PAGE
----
Aug 09, 2007
A problem with betting on engineered superplagues, physics disasters, nanotechnological warfare, or intelligence explosions of both Friendly and unFriendly type, is that all these events are likely to disrupt settlement of trades (to put it mildly). It's not easy to sell a bet that pays off only if the prediction market ceases to exist.
And yet everyone still wants to know the year, month, and day of the Singularity. Even I want to know, I'm just professionally aware that the knowledge is not available.
This morning, I saw that someone had launched yet another poll on "when the Singularity will occur". Just a raw poll, mind you, not a prediction market. I was thinking of how completely and utterly worthless this poll was, and how a prediction market might be slightly less than completely worthless, when it occurred to me how to structure the bet - bet that "settlement of trades will be disrupted / the resources gambled will become worthless, no later than time T".
Suppose you think that gold will become worthless on April 27th, 2020 at between four and four-thirty in the morning. I, on the other hand, think this event will not occur until 2030. We can sign a contract in which I pay you one ounce of gold per year from 2010 to 2020, and then you pay me two ounces of gold per year from 2020 to 2030. If gold becomes worthless when you say, you will have profited; if gold becomes worthlesss when I say, I will have profited. We can have a prediction market on a generic apocalypse, in which participants who believe in an earlier apocalypse are paid by believers in a later apocalypse, until they pass the date of their prediction, at which time the flow reverses with interest. I don't see any way to distinguish between apocalypses, but we can ask the participants why they were willing to bet, and probably receive a decent answer.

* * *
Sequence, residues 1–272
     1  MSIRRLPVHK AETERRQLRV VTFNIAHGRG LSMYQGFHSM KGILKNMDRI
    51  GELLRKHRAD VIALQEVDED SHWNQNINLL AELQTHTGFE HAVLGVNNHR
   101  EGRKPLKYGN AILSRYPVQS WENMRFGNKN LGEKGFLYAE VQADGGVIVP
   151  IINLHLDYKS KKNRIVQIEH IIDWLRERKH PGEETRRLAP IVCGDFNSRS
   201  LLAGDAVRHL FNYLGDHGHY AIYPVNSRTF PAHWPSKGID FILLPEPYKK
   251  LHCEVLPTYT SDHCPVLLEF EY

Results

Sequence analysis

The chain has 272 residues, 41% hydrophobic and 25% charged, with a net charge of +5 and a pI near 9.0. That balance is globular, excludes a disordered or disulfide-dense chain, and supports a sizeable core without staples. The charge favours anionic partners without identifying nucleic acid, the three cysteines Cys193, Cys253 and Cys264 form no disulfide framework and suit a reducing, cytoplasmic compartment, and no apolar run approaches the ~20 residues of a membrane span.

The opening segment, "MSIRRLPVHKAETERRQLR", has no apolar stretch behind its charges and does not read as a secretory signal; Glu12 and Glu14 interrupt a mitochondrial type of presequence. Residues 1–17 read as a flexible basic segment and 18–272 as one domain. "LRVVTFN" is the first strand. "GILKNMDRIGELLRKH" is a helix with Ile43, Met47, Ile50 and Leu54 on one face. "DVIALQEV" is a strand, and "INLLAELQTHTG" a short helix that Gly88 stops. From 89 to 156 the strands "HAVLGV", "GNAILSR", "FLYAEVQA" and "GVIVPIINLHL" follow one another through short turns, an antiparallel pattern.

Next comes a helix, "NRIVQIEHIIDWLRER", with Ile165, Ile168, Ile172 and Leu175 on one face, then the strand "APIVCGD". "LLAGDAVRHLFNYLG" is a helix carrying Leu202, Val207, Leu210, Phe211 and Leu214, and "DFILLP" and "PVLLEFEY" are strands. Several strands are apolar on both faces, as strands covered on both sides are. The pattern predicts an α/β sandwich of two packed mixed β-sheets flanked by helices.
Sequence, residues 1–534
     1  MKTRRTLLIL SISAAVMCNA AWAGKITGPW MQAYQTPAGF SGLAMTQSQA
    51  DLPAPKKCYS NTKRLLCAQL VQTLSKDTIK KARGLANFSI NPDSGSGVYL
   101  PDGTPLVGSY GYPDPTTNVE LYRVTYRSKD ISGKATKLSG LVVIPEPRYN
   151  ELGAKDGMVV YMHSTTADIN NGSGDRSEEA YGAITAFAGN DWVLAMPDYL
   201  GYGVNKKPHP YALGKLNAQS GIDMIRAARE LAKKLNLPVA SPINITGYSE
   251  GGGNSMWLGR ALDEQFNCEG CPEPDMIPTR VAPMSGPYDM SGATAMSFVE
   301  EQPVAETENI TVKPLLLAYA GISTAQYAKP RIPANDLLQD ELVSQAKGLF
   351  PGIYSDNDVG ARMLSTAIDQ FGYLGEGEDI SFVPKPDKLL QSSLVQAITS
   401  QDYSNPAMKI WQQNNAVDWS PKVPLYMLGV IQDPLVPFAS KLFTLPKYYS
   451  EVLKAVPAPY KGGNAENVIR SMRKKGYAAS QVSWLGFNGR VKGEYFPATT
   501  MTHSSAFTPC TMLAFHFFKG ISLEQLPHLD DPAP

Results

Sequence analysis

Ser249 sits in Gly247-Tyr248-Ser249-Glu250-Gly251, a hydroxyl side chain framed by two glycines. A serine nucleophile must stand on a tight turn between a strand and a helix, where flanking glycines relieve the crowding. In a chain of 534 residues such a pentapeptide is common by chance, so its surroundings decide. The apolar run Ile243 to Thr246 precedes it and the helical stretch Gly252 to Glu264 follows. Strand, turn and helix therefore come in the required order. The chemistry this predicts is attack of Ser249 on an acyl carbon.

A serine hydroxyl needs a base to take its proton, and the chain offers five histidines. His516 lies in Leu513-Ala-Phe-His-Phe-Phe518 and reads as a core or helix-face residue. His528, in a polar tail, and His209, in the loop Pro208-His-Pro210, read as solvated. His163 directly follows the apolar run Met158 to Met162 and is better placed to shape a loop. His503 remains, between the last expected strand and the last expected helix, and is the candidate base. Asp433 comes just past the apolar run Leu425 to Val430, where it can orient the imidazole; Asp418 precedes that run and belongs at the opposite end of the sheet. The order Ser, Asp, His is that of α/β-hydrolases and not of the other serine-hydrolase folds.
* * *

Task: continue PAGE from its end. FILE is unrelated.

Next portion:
I would be quite interested in seeing what such a market had to say. And if the predicted date was hovering around 2080, I would pick up as much of that free money as I dared.
EDIT: Robin Hanson pointed out why this wouldn't work. See comments.